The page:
If you are planning to relocate to Lima, Peru, renting an apartment in the city is one of the first and most important decisions you will make. The first step, of course, will be knowing what district of Lima you want to live in.

Most expats prefer to live in a coastal district, like Miraflores or Barranco, while others decide to live near the major financial center of the city, in San Isidro. If you prefer something quieter and more residential, San Borja, Magdalena and Santiago de Surco are good choices. And if you’re more concerned with costs and are willing to “rough it” a little, then Surquillo and Chorrillos are districts where you can find lower rents.

How to find an apartment in Lima?

In most cases, people looking for an apartment begin their search online. Here are some of the best websites to find an apartment for rent in Lima:

Urbania – This is a great website to start your search, since it has a wide range of listings for long and short term rentals in different districts of Lima. The apartment prices appear in both, Peruvian soles and US dollars. They also have an app, which you can download here.

Doomos PeruDoomos Peru is very similar to craigslist, but only for properties. Anyone can post here for free, so be careful with possible scams. If something looks too good to be true, it probably is.

Adondevivir – This is one of the largest portals available online to search for apartments in Lima and other popular regions of Peru. You can download their app here.

Trovit – This portal is a “scraper” and searches the data bases of others.

If you are looking for a roommate / shared-living situation, you can connect to other like minded people in our  “roommates forum” on Expatperu.

Aerial view of Mirflores, Lima. ©Dan Gold

Online searches aside, one of the best ways to find an apartment in Lima is to hit the sidewalks in your chosen area. Many people in Peru don’t advertise their homes online or with realtors – instead they simply put a “for rent” sign out with a phone number. Besides, negotiating an apartment directly with the landlord might even get you a better deal. And don’t forget to ask the street serenazgos, security guards or bodega owners about apartments available in the area. They usually know any properties on their streets that are for rent and which might be unadvertised.

Tips for renting an apartment in Lima

1- Unless you receive recommendations from others, or get a really solid vibe from the landlord, it is usually best not to rent an apartment sight unseen. Sometimes the pictures shown online are not very representative of what the apartment really looks like, and you do not get a sense of the neighborhood or street noise, so it is advisable to plan one or two visits before signing the contract.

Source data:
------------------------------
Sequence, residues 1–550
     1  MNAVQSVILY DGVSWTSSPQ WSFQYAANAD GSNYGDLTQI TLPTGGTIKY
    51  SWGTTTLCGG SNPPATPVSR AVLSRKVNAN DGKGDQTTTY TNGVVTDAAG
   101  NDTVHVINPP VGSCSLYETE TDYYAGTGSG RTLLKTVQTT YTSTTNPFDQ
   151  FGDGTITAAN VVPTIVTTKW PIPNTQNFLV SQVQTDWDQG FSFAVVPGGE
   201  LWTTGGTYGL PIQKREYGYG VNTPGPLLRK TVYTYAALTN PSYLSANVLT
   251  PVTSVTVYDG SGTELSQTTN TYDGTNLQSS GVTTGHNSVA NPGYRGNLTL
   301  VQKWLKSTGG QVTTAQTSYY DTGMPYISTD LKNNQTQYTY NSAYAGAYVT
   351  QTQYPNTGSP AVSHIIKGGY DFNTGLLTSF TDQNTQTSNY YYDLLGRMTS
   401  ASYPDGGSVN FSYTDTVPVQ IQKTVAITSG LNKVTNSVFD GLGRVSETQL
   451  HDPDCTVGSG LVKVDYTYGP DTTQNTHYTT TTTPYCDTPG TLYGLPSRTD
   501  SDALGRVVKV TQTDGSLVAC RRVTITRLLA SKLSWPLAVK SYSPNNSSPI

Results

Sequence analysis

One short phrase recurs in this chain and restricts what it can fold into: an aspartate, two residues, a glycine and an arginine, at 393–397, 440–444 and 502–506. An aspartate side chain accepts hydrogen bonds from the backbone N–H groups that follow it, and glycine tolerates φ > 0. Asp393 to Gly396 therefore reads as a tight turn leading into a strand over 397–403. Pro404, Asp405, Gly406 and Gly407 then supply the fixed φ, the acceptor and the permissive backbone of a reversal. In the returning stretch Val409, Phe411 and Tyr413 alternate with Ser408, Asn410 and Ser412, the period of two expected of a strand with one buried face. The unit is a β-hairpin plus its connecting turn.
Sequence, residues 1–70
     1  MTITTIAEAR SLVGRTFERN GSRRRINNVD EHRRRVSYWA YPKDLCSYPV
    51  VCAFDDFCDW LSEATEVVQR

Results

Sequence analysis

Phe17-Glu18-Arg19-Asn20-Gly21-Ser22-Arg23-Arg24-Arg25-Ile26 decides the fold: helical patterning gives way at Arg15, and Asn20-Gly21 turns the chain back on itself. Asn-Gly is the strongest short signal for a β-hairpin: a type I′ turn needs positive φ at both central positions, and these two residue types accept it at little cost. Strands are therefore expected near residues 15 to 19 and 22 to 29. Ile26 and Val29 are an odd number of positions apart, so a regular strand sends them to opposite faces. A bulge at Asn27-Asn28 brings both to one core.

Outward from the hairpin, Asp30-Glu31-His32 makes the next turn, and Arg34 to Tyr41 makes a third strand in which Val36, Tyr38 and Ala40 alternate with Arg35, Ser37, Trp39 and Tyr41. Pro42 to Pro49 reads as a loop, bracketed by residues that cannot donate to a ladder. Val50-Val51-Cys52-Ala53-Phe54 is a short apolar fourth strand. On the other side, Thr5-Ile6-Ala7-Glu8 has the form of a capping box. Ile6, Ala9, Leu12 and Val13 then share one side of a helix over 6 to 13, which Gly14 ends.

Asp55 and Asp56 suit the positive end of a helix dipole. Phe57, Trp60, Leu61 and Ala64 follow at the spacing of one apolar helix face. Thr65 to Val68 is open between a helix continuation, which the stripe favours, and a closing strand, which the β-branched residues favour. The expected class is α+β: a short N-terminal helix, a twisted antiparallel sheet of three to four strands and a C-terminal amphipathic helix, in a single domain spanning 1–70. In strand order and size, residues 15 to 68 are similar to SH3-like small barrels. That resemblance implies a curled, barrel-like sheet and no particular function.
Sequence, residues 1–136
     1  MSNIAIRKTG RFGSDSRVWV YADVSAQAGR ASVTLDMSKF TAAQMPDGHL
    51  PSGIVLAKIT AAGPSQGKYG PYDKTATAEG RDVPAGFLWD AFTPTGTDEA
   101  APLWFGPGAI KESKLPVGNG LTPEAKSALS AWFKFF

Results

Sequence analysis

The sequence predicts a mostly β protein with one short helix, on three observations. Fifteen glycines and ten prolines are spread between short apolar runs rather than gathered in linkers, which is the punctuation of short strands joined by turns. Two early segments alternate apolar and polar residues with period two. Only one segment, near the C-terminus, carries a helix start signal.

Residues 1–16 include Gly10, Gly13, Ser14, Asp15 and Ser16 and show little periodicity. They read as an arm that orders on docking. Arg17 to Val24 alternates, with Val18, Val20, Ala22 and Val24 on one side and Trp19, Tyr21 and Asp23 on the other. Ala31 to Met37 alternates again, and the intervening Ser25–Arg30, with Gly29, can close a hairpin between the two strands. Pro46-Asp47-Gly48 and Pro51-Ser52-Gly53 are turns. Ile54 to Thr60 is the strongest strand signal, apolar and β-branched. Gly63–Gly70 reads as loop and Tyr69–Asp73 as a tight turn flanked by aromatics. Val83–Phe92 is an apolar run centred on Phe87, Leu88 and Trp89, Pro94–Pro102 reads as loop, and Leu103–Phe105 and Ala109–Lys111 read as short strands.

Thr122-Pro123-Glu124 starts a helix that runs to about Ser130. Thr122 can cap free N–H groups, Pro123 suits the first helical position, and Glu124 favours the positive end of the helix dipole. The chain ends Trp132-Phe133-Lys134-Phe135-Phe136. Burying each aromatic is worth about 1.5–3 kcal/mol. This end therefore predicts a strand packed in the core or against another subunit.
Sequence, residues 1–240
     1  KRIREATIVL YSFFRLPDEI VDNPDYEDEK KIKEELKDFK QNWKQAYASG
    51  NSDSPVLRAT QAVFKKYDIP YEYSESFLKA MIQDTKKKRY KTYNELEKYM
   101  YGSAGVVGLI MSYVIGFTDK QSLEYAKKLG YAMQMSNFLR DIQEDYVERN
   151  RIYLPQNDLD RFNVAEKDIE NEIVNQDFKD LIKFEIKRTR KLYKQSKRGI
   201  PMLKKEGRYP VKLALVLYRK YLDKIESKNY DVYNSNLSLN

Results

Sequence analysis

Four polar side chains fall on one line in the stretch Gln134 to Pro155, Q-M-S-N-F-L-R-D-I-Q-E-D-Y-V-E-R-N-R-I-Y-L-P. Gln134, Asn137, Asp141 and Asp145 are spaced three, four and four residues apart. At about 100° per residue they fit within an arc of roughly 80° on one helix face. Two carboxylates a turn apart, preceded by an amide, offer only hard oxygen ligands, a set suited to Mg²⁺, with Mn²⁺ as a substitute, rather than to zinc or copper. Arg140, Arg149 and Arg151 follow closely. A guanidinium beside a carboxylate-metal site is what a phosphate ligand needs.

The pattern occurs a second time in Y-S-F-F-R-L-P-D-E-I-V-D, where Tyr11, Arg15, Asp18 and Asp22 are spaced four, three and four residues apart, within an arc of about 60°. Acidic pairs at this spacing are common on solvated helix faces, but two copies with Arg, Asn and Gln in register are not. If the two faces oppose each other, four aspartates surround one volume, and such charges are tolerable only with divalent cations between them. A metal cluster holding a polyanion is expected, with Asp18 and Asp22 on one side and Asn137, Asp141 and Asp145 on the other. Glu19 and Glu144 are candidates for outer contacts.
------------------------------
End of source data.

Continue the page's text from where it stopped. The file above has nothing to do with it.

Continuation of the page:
2- If possible, ask a Peruvian friend to help you with the process of finding an apartment. Some landlords try to take advantage of foreign tenants by charging higher rates, and a local friend will have a better sense of security in the area, and a better read of your landlord.

3- Always try to negotiate for a lower rent rate, especially for long term rentals. Bargaining is common in Peru, so many landlords advertise their properties at a higher price in order to be able to negotiate with tenants. Don’t be shy about getting the best possible deal!

Moving in Lima, Peru. ©Erda Estremera

When you decide on a home to rent, you can expect to pay one month’s rent in advance plus one or two month’s as security when you sign the contract. Make sure that you and the  landlord have signed and initialed copies of the contract. It’s not always necessary to have utilities turned on in your own name. Sometimes, the utilities are included in the price of the rental, other times you may receive bills that are in the name of the landlord. In smaller apartment buildings or duplexed homes, there is sometimes one water bill that is split between the tenants, this should be established in your contract as well. If you need to break the contract, typically a one month’s notice is required.

By law, your landlord should declare the income from the rental property and will be required to pay a 5% tax. Sometimes they do not do this, which is out of your hands. But, always insist on receiving some type of signed and dated receipt. Having these receipts in hand will give you some leverage in the unlikely case that your relationship with your landlord sours. Usually the threat of denouncing the landlord for tax evasion is sufficient to get them to honor their commitments with you. It is a constant that we have noticed: landlords that are are being sleazy with you are often the same kind of person that has not paid the tax on their rental income. Possible ways that tenants can get the shaft? The most frequent is not returning the damage deposit or charging an unreasonable amount for painting or repairs once you leave.

Seaking of repairs, most landlords in Peru (good and bad) will expect the tenant to be responsible for any work or repair that needs to be done during the rental period, so read your contract carefully to know your responsibilities. It’s important that you do a walkthrough with the landlord and note any damage or repairs that need to be done on the contract, since you don’t want to be held responsible for pre-existing problems.

You might also be interested in our article Relocation Services for Expatriates.

We’d like to hear from you. Have any real estate advice for newcomers? Please share your experience with our community in our forum topic: Apartment Rental in Lima.